Macat launches largest-ever critical thinking study

Online learning provider works with University of Cambridge to find skills required in graduates

Macat, an online learning platform and critical thinking tool launching in early 2016, has announced the commissioning of the biggest and most detailed study of critical thinking skills ever undertaken. The study aims highlight both the need for critical thinking and the growing gap between what students skills are entering the workforce with and what employers are seeking in potential recruits. Macat will be working with the University of Cambridge and other academic and industry partners to analyse what critical thinking skills are, why they are important, and how they can be developed.

Macat’s new research, commencing in January 2016, will have three parts. First, a survey will ask employers from a wide variety of industries to specify the thinking skills they require in student graduates, helping to define the gap that exists between supply of students and demand for graduates.

Macat will also ask over 2,000 universities, schools and companies from across the globe to take an induction test that measures their current level of attainment of six core skills: problem-solving, analysis, creative thinking, interpretation, evaluation and reasoning (also known in academic circles as PACIER skills). This will enable Macat to create the largest ever database of critical thinking skill by age and job role. This part of the research will also be open to members of the public.

The last part of the research, conducted in association with the University of Cambridge, ties all this together by investigating the vital features and interactions to develop these skills in the most enduring and best possible way.

In addition, Macat has released the findings from their first study in the critical thinking research program. Led by the University of Cambridge, the team set out to find what the most desirable critical thinking skills are amongst academics and students, across a range of disciplines in social science and humanities at 23 universities. There were 16 skills listed, however six emerged as the clear winners:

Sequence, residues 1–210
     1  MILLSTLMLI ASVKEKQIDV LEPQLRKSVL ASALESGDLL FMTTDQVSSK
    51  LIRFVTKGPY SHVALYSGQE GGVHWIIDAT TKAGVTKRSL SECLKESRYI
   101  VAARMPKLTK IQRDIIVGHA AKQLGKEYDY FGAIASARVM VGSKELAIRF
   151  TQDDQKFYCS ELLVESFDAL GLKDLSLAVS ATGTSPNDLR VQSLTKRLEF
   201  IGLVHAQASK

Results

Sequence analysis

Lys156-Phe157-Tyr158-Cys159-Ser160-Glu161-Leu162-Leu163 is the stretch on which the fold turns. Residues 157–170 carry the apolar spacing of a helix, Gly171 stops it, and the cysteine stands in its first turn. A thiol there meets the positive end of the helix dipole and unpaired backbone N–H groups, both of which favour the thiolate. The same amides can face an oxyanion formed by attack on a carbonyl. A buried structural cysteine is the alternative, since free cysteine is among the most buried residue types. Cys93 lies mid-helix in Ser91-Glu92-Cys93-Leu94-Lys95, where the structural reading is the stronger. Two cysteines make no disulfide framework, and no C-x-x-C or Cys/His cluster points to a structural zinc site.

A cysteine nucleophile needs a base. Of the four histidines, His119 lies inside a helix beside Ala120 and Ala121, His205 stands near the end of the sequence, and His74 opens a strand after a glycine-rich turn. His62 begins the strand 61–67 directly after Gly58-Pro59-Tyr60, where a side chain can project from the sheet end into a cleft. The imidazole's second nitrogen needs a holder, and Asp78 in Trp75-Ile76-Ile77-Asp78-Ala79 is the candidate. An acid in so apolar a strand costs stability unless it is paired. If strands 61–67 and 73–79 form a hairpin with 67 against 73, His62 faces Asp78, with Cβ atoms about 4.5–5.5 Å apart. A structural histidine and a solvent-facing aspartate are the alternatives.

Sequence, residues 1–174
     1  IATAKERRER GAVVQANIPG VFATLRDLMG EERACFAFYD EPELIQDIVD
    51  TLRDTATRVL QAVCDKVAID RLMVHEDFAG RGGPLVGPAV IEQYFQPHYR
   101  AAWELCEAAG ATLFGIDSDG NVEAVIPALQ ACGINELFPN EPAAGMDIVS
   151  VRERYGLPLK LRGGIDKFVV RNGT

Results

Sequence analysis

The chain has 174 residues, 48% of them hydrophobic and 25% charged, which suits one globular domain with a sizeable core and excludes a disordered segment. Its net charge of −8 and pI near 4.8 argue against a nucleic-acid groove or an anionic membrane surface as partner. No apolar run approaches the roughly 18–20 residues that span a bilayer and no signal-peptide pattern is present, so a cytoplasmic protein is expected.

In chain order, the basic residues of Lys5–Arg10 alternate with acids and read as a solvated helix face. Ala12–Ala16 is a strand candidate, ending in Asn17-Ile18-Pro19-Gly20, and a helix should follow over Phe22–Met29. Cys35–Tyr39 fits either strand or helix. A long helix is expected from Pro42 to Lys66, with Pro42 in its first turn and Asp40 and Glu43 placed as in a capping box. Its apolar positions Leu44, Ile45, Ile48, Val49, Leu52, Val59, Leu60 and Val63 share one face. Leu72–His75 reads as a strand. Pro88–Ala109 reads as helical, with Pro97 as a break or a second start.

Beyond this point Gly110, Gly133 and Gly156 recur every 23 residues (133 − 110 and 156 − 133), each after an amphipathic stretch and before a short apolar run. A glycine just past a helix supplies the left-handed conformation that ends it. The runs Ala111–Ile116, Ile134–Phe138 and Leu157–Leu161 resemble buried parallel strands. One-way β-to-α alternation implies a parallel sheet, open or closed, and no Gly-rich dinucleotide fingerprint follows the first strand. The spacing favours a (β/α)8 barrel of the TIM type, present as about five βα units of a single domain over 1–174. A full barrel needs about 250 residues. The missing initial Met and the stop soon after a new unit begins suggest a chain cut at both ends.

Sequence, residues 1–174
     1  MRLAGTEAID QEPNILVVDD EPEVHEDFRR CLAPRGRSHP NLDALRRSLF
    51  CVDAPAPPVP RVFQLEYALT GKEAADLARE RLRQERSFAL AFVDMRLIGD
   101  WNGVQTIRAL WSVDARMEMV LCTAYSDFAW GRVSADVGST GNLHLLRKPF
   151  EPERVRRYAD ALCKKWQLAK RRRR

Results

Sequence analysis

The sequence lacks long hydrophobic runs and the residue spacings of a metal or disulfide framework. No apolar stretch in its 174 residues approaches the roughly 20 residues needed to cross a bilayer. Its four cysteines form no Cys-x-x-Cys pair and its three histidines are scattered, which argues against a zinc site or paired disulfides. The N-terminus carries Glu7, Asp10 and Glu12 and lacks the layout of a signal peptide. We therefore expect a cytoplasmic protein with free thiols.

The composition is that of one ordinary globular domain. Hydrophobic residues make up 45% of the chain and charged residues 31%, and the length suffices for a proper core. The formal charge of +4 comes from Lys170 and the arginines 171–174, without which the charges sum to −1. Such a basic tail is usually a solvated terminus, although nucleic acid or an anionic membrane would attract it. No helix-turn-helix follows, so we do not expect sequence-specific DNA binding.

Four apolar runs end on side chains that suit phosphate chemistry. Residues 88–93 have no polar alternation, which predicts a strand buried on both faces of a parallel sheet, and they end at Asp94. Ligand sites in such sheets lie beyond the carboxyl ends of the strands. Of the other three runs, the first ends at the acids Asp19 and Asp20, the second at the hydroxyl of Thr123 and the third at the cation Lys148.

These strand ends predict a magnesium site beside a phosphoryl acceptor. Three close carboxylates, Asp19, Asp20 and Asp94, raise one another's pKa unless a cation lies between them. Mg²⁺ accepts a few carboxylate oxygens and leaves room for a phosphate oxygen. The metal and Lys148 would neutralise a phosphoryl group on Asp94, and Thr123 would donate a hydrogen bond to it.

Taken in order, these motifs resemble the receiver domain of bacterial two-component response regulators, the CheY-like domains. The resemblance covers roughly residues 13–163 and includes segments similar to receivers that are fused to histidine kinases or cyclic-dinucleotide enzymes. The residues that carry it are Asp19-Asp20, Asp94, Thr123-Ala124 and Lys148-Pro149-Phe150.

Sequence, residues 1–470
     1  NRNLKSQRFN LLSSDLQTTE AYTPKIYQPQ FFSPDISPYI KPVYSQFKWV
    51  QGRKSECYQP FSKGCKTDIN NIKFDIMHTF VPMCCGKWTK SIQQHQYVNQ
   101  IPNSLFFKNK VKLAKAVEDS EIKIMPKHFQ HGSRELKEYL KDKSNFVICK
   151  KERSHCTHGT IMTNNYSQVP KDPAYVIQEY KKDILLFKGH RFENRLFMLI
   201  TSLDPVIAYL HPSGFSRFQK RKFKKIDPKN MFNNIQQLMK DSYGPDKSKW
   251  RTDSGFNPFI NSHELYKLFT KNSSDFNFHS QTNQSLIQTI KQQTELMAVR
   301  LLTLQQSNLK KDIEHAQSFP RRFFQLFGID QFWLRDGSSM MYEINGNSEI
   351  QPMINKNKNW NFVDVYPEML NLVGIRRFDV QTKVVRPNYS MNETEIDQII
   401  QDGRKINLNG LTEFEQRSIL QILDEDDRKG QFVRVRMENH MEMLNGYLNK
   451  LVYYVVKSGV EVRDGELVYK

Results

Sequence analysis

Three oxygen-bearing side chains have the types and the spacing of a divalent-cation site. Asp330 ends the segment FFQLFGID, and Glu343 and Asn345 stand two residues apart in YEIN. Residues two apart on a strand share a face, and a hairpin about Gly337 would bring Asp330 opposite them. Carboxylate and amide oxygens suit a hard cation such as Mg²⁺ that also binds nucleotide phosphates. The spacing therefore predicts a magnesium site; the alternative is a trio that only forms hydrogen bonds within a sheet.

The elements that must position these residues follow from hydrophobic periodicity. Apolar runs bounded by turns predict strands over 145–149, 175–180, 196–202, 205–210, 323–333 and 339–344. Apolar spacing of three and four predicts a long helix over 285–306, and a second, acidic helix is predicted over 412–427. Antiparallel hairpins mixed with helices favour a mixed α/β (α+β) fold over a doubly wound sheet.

• Problem Solving
  • Analysis
  • Creative thinking
  • Interpretation
  • Evaluation
  • Reasoning

Hassan Abdou, CEO of Macat, comments: “We believe that better critical thinking skills can improve society and help us to adapt to an increasingly challenging world of work. We take this so seriously that we have commissioned the world’s largest international study of what critical thinking skills are, how they can be developed – and why they are needed more than ever.”

Dr. Roy van den Brink-Budgen, co-founder and Director of Studies of the Centre for Critical Thinking in Singapore, comments: “Critical thinking has, for many years, been the subject of extensive academic literature, and the consensus is that it can deliver significant developments in the way in which we understand and deal with the world. With the clear decline (both now and in the future) in jobs that require routine cognitive tasks (and with the growth of automated technologies even in fields like medicine and the law), its potential for producing the high-level thinking that is needed for social and economic advance is clear… This study will help us look at critical thinking in a way that has not been done before.”

Find out more about the 2016 Macat Critical Thinking study here.

www.macat.com

 

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